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Does Google Glass Have A Branding Problem? Marketing Experts Map Steps To Mainstream Success

Still in its test phase, Google Glass may be dorked to death before it gets the opportunity to take off. Here, marketing players from a range of agencies provide their assessment of Glass’s chances and some suggestions for paving the way to mainstream success.

Google’s much-hyped wearable computer, Google Glass, has been touted by the tech elite as one of the leaps forward of recent times, but those same elites may hobble mainstream adoption of the device.

While privacy concerns have blossomed (the device may be on its way to being banned at a number of locations), it may comfort those worried that we are all about to become spies for Google that the early adopters of Google Glass are helping to give it an image problem it might not recover from.

The futuristic-looking headset can augment our everyday reality by putting data in our field of vision as well as allowing us to take pictures, and translating the spoken word on the move. But unfortunately, it also appears to have unintended contraceptive powers, as illustrated by this Tumblr featuring members of its decidedly unhip core fanbase.

It’s all very well having wearable technology that lets you livestream yourself hang gliding. But if it has all the sex appeal of orthodontic headgear, it’s unlikely to catch on. Google’s Glass Explorer program has put Google Glass in the hands and on the heads of developers and tech pundits who Google has selected to test it and have paid $1,500. Google chief executive Larry Page has indicated that the product won’t be in stores for about another year, by which time it may be hard to separate it from its association with tech fanatics.

Arguably, success in wearable technology hinges on making people look and feel good as much as providing a functional service. Developers might be happy to fork vast sums for the privilege of being a Google Glass owner, but when the product goes to mass market, fashion, or at least some sort of coolness and covetability will be as critical as functionality.

With this in mind, we asked five marketing experts: How would you position Google Glass to make sure it achieves mainstream success?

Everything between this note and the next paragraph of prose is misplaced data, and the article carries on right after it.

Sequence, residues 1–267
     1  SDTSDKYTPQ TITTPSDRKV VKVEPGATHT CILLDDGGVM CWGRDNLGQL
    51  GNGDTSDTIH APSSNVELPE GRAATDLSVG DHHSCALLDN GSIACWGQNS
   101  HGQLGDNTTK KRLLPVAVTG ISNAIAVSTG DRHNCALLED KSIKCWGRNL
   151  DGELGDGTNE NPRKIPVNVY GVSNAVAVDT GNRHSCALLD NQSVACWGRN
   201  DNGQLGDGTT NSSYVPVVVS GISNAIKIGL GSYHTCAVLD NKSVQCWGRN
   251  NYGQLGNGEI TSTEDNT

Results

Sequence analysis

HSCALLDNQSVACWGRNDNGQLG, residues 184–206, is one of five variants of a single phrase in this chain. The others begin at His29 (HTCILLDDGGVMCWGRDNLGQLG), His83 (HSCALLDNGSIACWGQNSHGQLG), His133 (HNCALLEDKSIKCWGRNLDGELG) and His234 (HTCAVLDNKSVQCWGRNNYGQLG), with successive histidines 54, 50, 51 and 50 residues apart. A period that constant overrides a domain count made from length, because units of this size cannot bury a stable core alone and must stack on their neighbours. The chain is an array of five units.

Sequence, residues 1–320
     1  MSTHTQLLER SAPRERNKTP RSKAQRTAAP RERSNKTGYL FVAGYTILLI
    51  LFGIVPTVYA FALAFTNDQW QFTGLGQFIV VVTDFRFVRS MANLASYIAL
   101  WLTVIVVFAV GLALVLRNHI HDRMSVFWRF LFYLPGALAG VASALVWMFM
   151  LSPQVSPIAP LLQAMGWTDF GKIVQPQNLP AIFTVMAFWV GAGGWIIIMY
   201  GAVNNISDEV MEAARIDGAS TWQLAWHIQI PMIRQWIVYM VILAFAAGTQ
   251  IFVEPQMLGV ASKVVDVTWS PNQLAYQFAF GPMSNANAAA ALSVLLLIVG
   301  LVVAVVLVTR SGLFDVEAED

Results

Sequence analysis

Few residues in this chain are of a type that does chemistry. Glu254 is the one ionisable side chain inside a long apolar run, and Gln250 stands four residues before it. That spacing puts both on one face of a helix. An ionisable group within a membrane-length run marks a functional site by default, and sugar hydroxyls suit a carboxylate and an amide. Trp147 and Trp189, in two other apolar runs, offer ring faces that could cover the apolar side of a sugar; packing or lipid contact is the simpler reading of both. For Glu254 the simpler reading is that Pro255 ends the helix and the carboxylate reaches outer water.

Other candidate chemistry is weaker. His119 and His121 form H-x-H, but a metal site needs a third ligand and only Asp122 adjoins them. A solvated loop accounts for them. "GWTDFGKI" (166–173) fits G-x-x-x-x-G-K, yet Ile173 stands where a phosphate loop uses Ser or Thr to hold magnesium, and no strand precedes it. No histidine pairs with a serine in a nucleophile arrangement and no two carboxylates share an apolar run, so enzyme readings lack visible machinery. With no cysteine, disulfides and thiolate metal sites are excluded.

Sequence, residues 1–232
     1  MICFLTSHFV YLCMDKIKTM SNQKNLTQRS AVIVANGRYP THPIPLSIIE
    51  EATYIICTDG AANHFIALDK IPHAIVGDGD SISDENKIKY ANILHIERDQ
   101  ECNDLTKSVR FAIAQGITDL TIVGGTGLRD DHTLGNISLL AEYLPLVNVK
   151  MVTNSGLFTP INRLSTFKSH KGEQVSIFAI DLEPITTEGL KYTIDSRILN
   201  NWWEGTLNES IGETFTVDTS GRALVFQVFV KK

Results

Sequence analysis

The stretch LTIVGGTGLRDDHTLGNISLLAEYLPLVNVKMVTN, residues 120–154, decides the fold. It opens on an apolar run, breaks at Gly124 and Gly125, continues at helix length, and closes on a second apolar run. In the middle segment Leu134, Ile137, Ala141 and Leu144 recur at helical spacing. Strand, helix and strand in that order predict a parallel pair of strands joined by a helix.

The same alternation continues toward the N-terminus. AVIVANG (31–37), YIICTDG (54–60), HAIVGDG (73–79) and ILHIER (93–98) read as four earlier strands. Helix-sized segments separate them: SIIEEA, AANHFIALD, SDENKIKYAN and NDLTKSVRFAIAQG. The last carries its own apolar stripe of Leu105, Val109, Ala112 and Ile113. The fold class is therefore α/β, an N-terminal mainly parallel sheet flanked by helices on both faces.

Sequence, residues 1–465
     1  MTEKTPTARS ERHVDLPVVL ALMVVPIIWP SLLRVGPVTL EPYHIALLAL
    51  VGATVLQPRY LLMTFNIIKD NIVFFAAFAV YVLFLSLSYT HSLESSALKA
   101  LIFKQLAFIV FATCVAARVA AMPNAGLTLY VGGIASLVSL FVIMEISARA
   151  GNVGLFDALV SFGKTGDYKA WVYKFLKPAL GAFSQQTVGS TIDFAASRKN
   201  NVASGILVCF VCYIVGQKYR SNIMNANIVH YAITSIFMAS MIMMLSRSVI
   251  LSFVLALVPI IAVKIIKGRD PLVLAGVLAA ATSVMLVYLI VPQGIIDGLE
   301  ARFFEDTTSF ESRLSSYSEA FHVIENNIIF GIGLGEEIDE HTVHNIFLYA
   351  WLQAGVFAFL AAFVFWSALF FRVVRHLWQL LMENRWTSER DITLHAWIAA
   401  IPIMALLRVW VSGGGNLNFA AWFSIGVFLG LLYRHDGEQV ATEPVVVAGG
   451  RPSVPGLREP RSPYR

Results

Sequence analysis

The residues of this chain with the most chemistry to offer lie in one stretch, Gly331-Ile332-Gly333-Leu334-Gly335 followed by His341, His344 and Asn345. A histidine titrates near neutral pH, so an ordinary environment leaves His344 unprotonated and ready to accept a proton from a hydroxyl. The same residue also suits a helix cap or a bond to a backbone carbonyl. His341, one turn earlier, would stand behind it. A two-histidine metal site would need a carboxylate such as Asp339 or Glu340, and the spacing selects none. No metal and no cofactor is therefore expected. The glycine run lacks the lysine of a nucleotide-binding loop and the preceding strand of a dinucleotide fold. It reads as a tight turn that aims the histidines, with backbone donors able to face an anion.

After Nailing The Early Adopters, Focus On Less-Expected Applications.

Jinal Shah, digital strategy director, JWT New York
Google is embracing its influencers. Make no mistake though--they aren’t just going after the nerds. They are strategic in who they’ve invited to their Glass Explorers program, an influencer program that allows a handpicked group to use the first generation of Google Glass. Google has carefully curated a group of people who sit at the intersection of nerd and celebrity. For example, tech celebrity Soraya Darabi, among others. People like her not only bring their passion for technology but also their massive audiences (500K+ followers in the case of Soraya) into the conversation.

There’s incremental innovation and there’s wow-your-pants-off innovation. Google Glass is in the latter category. We tried it on last week at Google and it was pretty amazing. Mainstream success will happen as it expands the breadth of its audience and also as its simplifies its technology. What we’ll end up with in a few years is just a tiny camera that we’ll be able to attach to any eyewear. To the broader point, wearable technology is the future. Making it as nerdy as possible at the outset is a smart strategic move to get those who will engage most with the glasses to develop their capabilities and advance them to a place of general adoption. It should be no surprise that Google has already developed a partnership with Warby Parker. The aesthetic will change over time, and this will be one of the many norms of wearable tech.

The Google Glass initial approach has focused on driving exclusivity in select communities. And they’ve nailed it. In the next stage, I’d focus on creating desire by introducing a library of plain interesting to bizarre applications of Glass. Think government, music, Hollywood, retail partnerships--maybe even an episode of Family Guy with Stewie touting Glass.

There’s Something About Nerds.

Jonah Disend, CEO and Founder of Redscout
When we look at the challenge of extending Google Glasses out of nerdom, we believe that the challenge is first, one of execution and second, one of positioning and targeting.

First, in terms of execution, Google Glasses inherently plays in two worlds--fashion and technology--and they haven’t created “cool kid” lust in either area. It is neither an incredible fashion accessory that you would want to wear, nor is it a beautiful or obviously useful gadget that you would want to own.

Second, in terms of positioning and targeting, today Google Glasses is seen as a barrier to social engagement as opposed to an enabler. While it may make your world more exciting and dynamic (as the promotional video might suggest), it does not currently enhance socialization nor have they shown how the value of the glasses increases with additional users (there is currently no clear Network Effect).

Now for our gross generalization about nerds v.ersus everyone else. Nerds actively look to create barriers to protect them from the world, mitigate social engagement, and connect through virtual worlds (think World of Warcraft). In this context, Google Glasses are the ultimate tool for nerds to add a layer of protection between them and others and potentially seal the fate of Google Glasses as something that only the geekiest of the geeks would ever want to wear (or even own).

Work With Trendsetters.

Lloyd Salmons, Director of Digital, Saatchi & Saatchi London